In a year that has everyone talking about presidential scandals, corruption, and collusion, Nate and Ryan felt it only appropriate to revisit the 1976 classic All the President’s Men. Listen as Nate and Ryan discuss what makes this film brilliant, and how it feels to watch this movie in light of so many similar current events.
Robert Redford, Dustin Hoffman, and director Alan J. Pakula immortalized the story of Bob Woodward and Carl Bernstein as they doggedly pursued a story no one had any real interest in. Nate and Ryan discuss how they were able to make a movie that is 80 percent phone conversations into a tense political thriller.
What are your thoughts on All the President’s Men? How quickly and irreversibly do you get lost in Robert Redford’s eyes? Is it irresponsible to watch a historical movie through a contemporary political lens? Let us know!
The recent death of Robin Williams came as a shock to everyone. It was especially shocking to us, as just days before Williams’ death, we recorded this episode on Hook. Though we couldn’t have known what would happen, we are glad that we had so recently been able to discuss and celebrate Williams through his work in this film. There is no shortage of material on Williams this week, some of it sincere and meaningful, some of it capitalizing on the inevitable fascination with the details.
Please be assured that this film was chosen weeks ago and we recorded it before (albeit a mere two days) his tragic death. It is not a crass attempt at clickbaiting, it is a genuinely thoughtful discussion of a film that has meant a lot to us since we first saw it as children.
In fact, this may be a tremendously fitting film to watch as one remembers Williams. If you were a child who grew up with Hook, it is a great reminder of the impact Williams had on you and will immediately recall just what it is about him that is so touching. If you haven’t seen it, or weren’t a child in 1991, this movie is a great example of Williams ability to pull ethos and humor from a character that could have been flat and uninspired.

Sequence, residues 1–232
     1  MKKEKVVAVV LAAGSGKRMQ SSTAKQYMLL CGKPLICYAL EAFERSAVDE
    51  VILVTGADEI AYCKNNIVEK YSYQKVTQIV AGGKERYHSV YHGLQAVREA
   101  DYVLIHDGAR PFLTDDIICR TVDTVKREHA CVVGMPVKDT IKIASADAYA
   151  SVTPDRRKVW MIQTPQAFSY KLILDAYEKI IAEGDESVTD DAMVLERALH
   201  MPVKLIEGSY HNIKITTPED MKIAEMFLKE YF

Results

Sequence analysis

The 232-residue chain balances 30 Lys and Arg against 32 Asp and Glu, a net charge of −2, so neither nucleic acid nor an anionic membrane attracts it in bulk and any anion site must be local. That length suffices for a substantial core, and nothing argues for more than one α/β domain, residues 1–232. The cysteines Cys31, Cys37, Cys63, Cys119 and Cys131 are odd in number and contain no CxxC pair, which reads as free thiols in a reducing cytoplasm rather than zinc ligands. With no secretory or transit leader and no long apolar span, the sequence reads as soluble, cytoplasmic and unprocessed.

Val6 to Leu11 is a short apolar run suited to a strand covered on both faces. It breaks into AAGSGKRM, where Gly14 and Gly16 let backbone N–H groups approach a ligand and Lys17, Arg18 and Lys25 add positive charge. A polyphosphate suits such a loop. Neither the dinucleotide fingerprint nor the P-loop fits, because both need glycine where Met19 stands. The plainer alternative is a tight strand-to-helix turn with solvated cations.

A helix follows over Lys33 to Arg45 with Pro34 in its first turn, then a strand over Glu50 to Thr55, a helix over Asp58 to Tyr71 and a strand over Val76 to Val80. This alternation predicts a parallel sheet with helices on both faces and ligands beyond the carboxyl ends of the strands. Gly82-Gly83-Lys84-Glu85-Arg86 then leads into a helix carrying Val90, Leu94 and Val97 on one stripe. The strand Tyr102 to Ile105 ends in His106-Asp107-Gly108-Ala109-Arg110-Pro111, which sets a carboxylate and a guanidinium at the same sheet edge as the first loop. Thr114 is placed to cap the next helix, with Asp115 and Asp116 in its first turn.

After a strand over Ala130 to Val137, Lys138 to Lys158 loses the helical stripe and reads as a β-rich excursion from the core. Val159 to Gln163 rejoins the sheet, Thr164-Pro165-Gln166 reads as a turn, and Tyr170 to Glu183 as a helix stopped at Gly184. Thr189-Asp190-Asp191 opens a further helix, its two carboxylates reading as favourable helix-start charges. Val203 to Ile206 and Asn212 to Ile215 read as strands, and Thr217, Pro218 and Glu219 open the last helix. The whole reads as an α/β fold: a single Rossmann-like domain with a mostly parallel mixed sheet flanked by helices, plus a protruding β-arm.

It might be difficult, in hindsight, to see Williams so ably play a character who has lost sight of his happy thoughts, but it is also especially poignant to watch how beautifully Williams performs the scenes where he discovers what makes him happy. It’s a reminder to all of us that it is never too often, too late, or too trite to think about what makes us happy and to appreciate those people in our lives who make life “the only adventure worth living.”
It struck both of us, that as people paid tribute to Williams, many people our age mentioned Hook as one of the movies that impacted them. This movie may not have critical acclaim, but there is something about this movie in particular that comforts and enthralls, and we were delighted to revisit it.
As Nate mentions in the beginning of the episode, there may be aspects of our conversation that strike listeners as insensitive, in light of what has occurred this week. In particular, there is a part where we discuss a scene in which Hook threatens suicide and it is played for humor. In our discussion we are talking only about how the scene works in the film and are in no way making light of suicide or the agony that can lead a person to that point.